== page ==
Speech and Language

We use language for interpersonal communication of thoughts, desires, and feelings and hereby use many symbols. Broca-Area und Wernicke-Area is responsible for language generation and speech comprehension. Central speech disorders are called aphasia. We talk about global aphasia if both, speech comprehension and language production are impaired.

Function Localization Aphasia
Broca-Area Language production Frontal convolutions of the dominant hemisphere (on the left side for right-handers) Motor, expressive aphasia (speech comprehension is intact)
Wernicke-Area Speech comprehension Parietal frontal lobe of the dominant hemisphere Sensory, recipient aphasia (speech comprehension is impaired)
Broca’s and Wernicke’s Areas

Image: “Broca’s and Wernicke’s Areas” by Phil Schatz. License: CC-BY 4.0

Theories of language development

Language acquisition is the process by which children learn to understand and speak their native language. Theories used to explain language development include:

  • Nativist theory
  • Empiricist theory
  • Behaviorist theory

Nativist theory by Noam Chomsky

  • Suggests all children have an innate language activation device (LAD)
  • LAD is an area of the brain that has a set of universal syntactic rules for all languages
  • Idea was later renamed Universal Grammar (UG)
  • LAD provides children with the ability to construct novel sentences using learned vocabulary
  • Linguistic input alone is insufficient to explain how they learn language
  • Certain rules must be innate in the brain (i.e. nouns, verbs, adjectives)


  • General brain processes are sufficient for language acquisition, LAD is not needed
  • Child need to be actively engaged in the environment
  • Parent or caregiver will interact using child-directed speech (CDS)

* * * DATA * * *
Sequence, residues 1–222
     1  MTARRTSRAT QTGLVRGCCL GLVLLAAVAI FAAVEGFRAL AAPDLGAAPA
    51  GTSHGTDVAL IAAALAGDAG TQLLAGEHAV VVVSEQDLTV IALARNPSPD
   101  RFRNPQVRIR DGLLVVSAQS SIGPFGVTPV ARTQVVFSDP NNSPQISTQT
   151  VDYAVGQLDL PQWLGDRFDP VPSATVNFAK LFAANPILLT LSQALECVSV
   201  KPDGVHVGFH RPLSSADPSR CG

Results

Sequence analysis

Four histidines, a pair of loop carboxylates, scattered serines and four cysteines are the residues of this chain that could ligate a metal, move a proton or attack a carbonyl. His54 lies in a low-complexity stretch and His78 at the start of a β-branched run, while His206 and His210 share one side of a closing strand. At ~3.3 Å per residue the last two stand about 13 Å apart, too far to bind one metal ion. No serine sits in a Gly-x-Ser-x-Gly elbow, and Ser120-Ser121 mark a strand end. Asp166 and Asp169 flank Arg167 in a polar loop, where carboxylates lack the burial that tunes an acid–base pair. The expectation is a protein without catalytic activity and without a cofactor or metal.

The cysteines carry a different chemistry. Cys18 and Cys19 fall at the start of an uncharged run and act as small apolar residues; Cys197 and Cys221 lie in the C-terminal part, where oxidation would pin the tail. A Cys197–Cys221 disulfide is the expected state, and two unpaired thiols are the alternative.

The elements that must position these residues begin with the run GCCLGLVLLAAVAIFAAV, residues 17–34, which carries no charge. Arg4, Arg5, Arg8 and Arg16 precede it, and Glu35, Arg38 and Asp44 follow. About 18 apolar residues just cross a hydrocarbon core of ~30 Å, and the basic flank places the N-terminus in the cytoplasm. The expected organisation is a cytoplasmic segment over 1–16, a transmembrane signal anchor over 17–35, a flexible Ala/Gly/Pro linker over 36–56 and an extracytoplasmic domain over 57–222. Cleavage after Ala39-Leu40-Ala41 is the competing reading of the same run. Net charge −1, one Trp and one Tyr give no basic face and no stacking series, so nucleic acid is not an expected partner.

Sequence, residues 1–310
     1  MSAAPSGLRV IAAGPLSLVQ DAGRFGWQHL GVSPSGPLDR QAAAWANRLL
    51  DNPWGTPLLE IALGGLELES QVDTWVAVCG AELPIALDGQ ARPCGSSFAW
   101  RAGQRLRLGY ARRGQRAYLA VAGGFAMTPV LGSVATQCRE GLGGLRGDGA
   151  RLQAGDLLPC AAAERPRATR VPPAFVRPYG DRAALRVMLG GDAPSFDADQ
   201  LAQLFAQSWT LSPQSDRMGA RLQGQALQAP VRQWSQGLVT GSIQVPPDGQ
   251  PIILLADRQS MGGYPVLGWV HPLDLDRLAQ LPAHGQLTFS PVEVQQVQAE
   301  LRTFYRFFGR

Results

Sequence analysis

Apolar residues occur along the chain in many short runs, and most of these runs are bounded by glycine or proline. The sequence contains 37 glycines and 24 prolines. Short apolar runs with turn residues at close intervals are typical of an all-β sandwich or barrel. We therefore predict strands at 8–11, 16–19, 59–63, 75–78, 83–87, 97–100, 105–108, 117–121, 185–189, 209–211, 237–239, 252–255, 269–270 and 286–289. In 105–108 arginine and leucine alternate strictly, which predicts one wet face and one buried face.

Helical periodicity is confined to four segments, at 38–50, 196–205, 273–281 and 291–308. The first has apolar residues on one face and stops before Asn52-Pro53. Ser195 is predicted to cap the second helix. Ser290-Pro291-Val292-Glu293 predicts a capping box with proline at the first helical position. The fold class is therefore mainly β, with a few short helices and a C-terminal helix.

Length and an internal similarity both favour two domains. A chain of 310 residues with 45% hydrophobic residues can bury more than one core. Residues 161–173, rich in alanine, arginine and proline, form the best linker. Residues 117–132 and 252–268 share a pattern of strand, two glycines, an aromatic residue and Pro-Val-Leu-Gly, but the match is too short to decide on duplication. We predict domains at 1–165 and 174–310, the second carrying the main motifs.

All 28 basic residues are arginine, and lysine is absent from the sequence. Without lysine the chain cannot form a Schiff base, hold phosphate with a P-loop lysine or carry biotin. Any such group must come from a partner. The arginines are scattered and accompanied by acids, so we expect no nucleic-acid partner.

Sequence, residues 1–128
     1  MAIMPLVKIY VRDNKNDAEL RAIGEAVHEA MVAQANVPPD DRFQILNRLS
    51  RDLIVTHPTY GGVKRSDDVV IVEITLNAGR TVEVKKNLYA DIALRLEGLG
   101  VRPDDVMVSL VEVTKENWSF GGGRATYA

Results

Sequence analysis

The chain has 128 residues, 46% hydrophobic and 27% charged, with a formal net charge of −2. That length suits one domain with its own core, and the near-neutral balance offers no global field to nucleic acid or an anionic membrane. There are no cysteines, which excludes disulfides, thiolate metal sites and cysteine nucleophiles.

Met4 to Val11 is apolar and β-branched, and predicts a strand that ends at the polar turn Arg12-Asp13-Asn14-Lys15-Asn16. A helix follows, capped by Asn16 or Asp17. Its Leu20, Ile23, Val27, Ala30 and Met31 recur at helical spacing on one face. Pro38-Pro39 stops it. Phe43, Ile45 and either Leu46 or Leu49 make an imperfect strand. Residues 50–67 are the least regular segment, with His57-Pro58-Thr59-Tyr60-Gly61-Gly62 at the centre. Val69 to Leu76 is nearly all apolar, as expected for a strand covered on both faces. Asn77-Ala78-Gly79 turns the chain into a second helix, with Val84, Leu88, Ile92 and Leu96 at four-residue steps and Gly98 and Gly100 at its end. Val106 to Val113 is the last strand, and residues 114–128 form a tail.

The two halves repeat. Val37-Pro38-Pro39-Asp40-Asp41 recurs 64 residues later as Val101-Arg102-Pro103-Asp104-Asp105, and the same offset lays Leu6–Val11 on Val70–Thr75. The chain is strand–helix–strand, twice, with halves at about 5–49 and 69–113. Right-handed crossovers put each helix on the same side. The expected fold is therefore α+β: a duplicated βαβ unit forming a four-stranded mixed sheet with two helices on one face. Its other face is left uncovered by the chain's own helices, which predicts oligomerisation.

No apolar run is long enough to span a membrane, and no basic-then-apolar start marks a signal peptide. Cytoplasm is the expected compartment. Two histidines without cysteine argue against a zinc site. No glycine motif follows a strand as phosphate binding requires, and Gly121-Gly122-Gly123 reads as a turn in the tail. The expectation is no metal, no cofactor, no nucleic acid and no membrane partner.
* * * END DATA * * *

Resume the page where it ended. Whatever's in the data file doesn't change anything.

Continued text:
Behaviorist theory by B.F. Skinner

  • Suggests language acquisition through operant conditioning
  • Uses positive reinforcement when imitating stimuli and correct responses

Positive reinforcement accomplishes:

  • Conditions infant to make the sound associations with the stimulus
  • Encourages imitative behavior

Influence of language on cognition

Language development has three stages:

Stage 3 Understanding of grammar and relationship; “inner speech”
Stage 2 Talking to themselves, experimenting; “egocentric or private speech”
Stage 1 Immersion in “social speech”

Review Questions

The answer key is located below the references.

1. The phenomenon of confabulation is observed with alcohol-addicted patients. What does this term mean?

  1. The patient can’t recognize the faces of friends who visit him.
  2. A contrived and incorrect explanation of the differential stimulation of left and right cerebral hemisphere in order to make sense of the contradictory reactions.
  3. Exuberant, uncontrollable language generation with numerous neologisms.
  4. Persistence with one topic with many linguistic and content-related repetitions.
  5. Impaired speech comprehension caused by a lesion of the right brain hemisphere.

2. Following a polytrauma, Mrs. Z. suffers severe memory loss, especially relating to biographic contents. To her husband’s amazement, she has no problem listing all 50 states of the USA. Recalling these facts proves that which of Mrs. Z.’s memory form is intact?

  1. Episodic memory
  2. Implicit memory
  3. Non-declarative memory
  4. Procedural memory
  5. Semantic memory

3. A man spends 8 hours a day playing real-time strategy computer games and now wants to stop doing this. He gets rid of his entire computer equipment at the buyback center. Which behavioral therapy technique is he most likely applying?

  1. Exposition
  2. Cognitive restructuring
  3. Self-strengthening
  4. Shaping
  5. Stimulus-control
Do you want to learn even more?
Start now with 500+ free video lectures
given by award-winning educators!
Yes, let's get started!
No, thanks!

Leave a Reply

Your email address will not be published. Required fields are marked *